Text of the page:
Solar panels on house with rainbow

[box]Part 3 of the Buyer’s Guide to Solar Photovoltaic Systems. Go to part 1>>[/box]

As solar cell technology advances costs have been dropping and efficiency soaring. There has never been such abundant choice as now. Choosing the right solar panels can result in a sizeable impact in energy savings over the years, so making the optimum purchase for your needs is essential.

Solar cells come in two main types: crystalline silicon and thin film. Both have their own set of advantages and disadvantages. In general, crystalline silicon technology has been around longer so offers the peace of mind that newer thin film cells do not. They don’t perform as well in extreme heat, nor in the shade as thin film, but are better in cooler weather. Thin film is cheaper and, being a newer technology, is improving rapidly.

Here’s a checklist you can run through to find the best solar panels for your needs:

1. Determine what type of solar cell technology is most appropriate for your application. If you need to re-shingle your roof in the near future, consider solar shingles, otherwise look at standard panels. Refer to the following list when making your decision:

 

CELL TYPE

CRYSTALLINE SILICON

THIN FILM

Monocrystalline

Polycrystalline

Cadmium

Telluride

CIGS

Amorphous

Silicon

EFFICIENCY (avg.)14 – 17.5%13 – 15%9-11%10-12%5 – 7%
HIGH TEMP.

PERFORMANCE

drops 10-15%drops 20%0% drop0% drop0% drop
OPTIMAL TEMP.performs well in cool weather, but poorly in extreme heatperforms well in cool weather, but poorly in extreme heatperforms well in hot weather, even extreme heatperforms well in hot weather, even extreme heatperforms well in hot weather, even extreme heat
COSTmost expensive crystalline siliconcheapest crystal-line siliconcheaper than crystalline silicon—most cost-effective thin filmcheaper than crystalline siliconcheaper than crystalline silicon
ADDITIONAL DETAILSoldest solar cell technology and most widely usedeconomical choice due to its cost to performance ratio

 

cadmium is toxic, though very small amounts are usedsome CIGS panels have posted impressive 20% efficiency figuresrequires a lot of roof space and can take longer to install than other cell technologies

2. Hop online and check out SolarDesignTool, a great resource that lets you line up solar panels side by side for easy
comparison.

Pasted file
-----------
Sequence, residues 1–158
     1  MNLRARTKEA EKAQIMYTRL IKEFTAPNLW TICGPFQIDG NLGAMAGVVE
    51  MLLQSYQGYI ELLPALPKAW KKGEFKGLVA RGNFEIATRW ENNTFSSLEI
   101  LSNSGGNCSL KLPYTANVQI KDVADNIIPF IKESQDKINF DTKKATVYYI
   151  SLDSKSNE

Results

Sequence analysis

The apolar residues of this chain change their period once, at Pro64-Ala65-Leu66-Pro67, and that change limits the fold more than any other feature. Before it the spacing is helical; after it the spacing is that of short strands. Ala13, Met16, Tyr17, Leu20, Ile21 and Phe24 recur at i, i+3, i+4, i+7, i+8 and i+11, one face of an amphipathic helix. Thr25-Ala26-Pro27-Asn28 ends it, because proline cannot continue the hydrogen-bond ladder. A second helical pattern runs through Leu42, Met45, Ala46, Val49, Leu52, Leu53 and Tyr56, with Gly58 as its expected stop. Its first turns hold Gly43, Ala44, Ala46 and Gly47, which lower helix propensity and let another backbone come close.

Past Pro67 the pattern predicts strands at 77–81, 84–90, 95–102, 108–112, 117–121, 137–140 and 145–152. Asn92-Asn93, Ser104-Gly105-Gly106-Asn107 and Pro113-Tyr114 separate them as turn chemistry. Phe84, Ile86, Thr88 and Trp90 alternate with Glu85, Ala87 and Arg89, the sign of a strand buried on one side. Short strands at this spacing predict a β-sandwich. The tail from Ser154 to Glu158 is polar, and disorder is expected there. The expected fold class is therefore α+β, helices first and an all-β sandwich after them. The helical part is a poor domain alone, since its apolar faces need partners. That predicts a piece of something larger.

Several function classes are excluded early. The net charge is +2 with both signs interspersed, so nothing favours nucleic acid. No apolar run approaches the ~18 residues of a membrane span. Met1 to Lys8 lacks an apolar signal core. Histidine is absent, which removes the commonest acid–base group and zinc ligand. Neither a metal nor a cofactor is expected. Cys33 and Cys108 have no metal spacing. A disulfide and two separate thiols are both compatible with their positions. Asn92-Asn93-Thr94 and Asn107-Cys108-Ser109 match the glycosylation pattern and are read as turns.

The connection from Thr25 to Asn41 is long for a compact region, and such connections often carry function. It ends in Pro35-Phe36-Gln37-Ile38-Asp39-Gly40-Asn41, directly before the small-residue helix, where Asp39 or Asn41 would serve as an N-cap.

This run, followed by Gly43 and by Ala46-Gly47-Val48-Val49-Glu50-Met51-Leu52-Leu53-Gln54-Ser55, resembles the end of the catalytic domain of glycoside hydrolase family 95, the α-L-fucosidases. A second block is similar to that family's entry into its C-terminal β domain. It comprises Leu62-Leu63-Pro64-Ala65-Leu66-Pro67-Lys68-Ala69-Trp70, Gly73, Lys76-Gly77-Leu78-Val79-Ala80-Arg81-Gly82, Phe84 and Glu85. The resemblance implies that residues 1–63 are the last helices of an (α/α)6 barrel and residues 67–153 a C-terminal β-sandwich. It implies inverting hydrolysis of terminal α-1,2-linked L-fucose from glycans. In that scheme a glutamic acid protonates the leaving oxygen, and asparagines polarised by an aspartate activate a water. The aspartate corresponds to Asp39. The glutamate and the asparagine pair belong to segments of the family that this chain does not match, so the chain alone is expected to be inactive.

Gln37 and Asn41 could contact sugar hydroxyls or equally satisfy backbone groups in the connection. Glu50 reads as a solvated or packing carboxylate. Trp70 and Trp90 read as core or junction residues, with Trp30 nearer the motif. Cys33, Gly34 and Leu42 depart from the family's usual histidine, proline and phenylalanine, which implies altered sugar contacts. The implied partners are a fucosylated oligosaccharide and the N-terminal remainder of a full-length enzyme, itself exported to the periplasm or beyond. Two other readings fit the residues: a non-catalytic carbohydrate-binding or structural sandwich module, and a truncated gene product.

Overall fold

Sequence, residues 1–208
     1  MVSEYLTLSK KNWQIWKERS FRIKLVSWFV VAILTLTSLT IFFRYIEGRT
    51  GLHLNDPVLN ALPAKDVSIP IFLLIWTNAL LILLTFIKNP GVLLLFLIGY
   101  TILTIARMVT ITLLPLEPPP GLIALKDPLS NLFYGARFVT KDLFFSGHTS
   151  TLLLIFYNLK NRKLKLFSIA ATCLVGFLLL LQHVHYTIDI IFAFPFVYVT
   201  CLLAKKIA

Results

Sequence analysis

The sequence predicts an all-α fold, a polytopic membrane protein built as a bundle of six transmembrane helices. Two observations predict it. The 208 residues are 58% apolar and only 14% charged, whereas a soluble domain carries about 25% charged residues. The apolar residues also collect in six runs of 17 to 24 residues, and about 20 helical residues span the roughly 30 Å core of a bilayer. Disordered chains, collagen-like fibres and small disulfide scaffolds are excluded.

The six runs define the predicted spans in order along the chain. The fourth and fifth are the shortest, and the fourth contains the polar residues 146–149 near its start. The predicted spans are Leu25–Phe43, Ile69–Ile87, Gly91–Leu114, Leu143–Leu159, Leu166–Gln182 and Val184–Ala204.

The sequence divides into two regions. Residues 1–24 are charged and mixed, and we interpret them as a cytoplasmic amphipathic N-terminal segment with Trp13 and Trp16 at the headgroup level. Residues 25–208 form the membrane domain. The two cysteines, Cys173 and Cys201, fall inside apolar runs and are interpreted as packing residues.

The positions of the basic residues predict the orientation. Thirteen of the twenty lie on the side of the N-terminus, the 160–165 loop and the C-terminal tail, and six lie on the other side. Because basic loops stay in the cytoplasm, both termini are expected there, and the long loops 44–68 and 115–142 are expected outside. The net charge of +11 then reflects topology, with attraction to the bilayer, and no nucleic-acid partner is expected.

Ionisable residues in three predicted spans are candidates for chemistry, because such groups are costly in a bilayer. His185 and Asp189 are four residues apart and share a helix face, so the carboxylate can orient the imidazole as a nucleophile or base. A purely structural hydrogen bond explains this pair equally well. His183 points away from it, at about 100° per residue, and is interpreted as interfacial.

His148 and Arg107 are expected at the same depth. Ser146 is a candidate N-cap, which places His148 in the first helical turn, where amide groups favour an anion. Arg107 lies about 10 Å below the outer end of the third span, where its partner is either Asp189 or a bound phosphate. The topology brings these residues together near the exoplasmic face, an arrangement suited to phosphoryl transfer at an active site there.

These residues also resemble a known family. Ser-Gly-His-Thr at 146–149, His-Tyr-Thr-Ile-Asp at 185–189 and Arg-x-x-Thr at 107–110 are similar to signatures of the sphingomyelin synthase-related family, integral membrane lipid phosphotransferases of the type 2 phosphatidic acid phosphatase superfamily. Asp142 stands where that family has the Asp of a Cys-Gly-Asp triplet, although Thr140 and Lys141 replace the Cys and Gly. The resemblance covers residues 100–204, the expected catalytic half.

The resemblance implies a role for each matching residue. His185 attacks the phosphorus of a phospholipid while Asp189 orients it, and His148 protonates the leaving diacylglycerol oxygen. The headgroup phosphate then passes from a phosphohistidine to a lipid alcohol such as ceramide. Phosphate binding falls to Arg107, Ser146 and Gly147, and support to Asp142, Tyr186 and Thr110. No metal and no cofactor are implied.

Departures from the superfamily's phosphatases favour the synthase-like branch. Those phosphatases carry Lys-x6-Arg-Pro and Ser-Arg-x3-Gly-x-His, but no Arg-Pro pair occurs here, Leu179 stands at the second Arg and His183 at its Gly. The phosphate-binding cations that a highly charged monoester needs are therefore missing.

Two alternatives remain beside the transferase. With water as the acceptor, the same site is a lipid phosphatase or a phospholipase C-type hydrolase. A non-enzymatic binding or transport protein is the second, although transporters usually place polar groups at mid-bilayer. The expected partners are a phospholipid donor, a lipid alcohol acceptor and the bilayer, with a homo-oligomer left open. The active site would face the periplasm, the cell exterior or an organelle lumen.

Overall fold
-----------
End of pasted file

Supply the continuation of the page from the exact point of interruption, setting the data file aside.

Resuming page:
3. Find the prices of your selected panels.
4. Perform a cost-benefit analysis for the panels you’ve chosen. Compare peak efficiency to sales price while taking the warranty period into account. Though one panel may be 25 percent less efficient, if it costs 50 percent less and is guaranteed to last the same length of time, it’s likely the better bet.
5. Measure your roof to establish how much space you have for your panels.
6. After having determined your energy requirements in the previous section of this guide, add up the power ratings, also on SolarDesignTool, for your selected panels to calculate how many panels you need.
7. Write down the dimensions of your chosen panels, then multiply the length by the width for an individual panel to
determine each panel’s surface area in square inches. Multiply that figure by the number of panels you need to see if they’ll fit on your roof or yard.
8. Look into government incentives for solar panels on DSIRE.
9. When purchasing your panels, take the time to thoroughly inspect the fine print of their warranties.
10. Select professionally engineered heavy duty mounting racks. Once you’ve bought your panels, there’s no point skimping on the small stuff. Not only could high winds send your panels flying, but you could be liable for any damages they cause.

Resources

» SolarDesignTool
» DSIRE: Database of State Incentives for Renewables & Efficiency

Check back next week for part 4 of this guide or join our free newsletter to download the entire guide>>

[box]by UB Hawthorn[/box]
image: jurvetson (Creative Commons BY)
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